3D films a gimmick

Adam McDonnellAssociate Director of Political and Social Research
September 26, 2011, 2:00 PM UTC

British cinemagoers are divided on their opinion of 3D films, but feel an apparent lack of enthusiasm towards this viewing experience that has re-entered the film industry in the last few years. Only around one in five British cinemagoers feels 3D improves the cinema experience, our recent poll has found, while almost half felt it either made no difference to the experience, or even made it worse.

  • 22% of British cinema goers feel that 3D cinema improves the cinema experience
  • 47% either thought 3D made no difference, or made it worse
  • Just 19% feel that 3D improves the quality of a film
  • But 41% think that 3D is just a gimmick
  • When asked whether they would be more likely to see a film in 3D or 2D, if it was being shown in both formats, at the same time and for the same price, under half (47%) said they would choose to see the film in 3D
  • Less than two in five (37%) said they would view it in 2D
  • In most cinemas it costs more to watch a film in 3D than in 2D, but our poll shows that over a third of people would choose to see a film in 2D, even if it was the same price to see it in 3D
  • While just under half (48%) of British cinema goers would not pay any more money to see a film in 3D instead of 2D
  • 49% of those polled agreed with the statement that the hype about 3D films was a phase that would pass

Many of this year’s big blockbusters, such as Harry Potter and the Deathly Hallows: Part 2, Transformers: Dark of the Moon, and Pirates of the Caribbean: On Stranger Tides, have been produced using 3D technology. These three films have topped the 2011 box office grossing records so far, currently holding the first, second and third place respectively.

The impact of 3D technology

Our poll suggests, however, that the British public may not have flocked to films such as these because of their new 3D look The results imply that despite many 3D films bringing in the big crowds, their success may not be down to the 3D technology itself, but possibly due to other reasons such as advertising, branding or the quality of the film.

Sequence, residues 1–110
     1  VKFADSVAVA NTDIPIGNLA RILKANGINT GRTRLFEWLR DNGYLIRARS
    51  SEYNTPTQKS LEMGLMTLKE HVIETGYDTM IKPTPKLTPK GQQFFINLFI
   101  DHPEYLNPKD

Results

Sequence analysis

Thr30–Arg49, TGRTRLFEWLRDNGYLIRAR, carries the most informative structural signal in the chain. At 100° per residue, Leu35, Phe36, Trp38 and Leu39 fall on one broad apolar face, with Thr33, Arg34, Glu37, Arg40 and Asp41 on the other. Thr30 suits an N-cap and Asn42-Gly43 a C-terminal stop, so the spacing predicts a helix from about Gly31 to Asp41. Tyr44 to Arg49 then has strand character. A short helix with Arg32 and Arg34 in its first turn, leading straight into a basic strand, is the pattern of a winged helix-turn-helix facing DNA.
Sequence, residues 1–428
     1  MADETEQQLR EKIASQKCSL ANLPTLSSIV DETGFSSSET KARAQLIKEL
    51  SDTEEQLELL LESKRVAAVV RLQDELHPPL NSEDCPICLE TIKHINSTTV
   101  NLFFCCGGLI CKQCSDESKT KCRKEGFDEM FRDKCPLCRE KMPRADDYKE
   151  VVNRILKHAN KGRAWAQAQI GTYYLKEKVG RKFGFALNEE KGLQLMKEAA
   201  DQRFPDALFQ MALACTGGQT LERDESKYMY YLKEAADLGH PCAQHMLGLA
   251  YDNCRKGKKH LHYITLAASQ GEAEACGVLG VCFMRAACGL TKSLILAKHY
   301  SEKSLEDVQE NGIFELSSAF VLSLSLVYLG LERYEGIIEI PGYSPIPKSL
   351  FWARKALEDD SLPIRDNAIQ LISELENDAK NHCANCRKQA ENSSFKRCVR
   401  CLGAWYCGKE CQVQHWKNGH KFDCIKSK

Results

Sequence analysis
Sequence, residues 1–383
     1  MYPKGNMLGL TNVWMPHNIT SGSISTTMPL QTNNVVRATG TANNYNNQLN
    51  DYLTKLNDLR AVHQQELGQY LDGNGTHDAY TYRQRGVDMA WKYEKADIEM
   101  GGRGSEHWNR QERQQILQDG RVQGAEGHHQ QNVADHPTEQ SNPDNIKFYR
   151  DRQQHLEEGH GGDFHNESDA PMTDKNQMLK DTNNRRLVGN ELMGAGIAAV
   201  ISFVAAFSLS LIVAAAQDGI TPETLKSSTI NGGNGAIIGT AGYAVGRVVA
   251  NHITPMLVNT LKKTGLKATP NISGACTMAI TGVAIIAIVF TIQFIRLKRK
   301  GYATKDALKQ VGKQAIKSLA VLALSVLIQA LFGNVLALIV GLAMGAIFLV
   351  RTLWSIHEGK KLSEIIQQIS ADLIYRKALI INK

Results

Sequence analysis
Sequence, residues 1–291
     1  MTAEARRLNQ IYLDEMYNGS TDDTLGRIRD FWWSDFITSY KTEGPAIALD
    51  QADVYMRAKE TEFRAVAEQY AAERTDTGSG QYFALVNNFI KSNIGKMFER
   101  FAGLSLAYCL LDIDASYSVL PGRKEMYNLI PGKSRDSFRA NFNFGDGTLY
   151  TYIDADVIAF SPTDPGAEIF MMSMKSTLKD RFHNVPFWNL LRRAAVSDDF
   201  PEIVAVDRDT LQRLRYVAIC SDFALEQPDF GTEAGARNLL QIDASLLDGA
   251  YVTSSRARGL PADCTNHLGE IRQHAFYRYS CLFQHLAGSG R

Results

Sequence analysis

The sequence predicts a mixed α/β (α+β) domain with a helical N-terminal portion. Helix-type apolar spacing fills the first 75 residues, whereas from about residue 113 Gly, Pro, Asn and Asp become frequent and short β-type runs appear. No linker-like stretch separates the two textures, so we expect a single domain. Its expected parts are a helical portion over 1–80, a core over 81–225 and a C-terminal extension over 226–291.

3D technology has been around for over a century with the first cinema screening in 3D taking place in 1915. Since then 3D has been used in many films, peaking in popularity at various time periods, but never become the sole viewing format. Cinemagoers don’t think that 3D technology is going to disappear too soon however, with only 16% of people thinking that no films will be shown in 3D in five years’ time.

3D glasses: ‘very unpopular’

A major part of the 3D experience has been the glasses required to be worn by viewers. Whether they’re the red/blue colour filter glasses worn by viewers of 1980s 3D cinema, or the transparent glasses that are currently being used, they have been an essential accessory to 3D viewing since its beginning. The glasses are very unpopular with British cinema goers however, with a majority of 52% saying they would be more likely to see a 3D film if they didn’t have to wear them. 40% said it wouldn’t affect their decision but only 4% said they would be less likely to see a 3D film if they didn’t need to wear the glasses.

Despite the public’s suggested indifference towards 3D, it seems here to stay, for the time being anyway, amid moves to introduce it into the world of television, computing and mobile phones, and plans in the pipeline to remaster popular older films into 3D such as Titanic and the Star Wars series.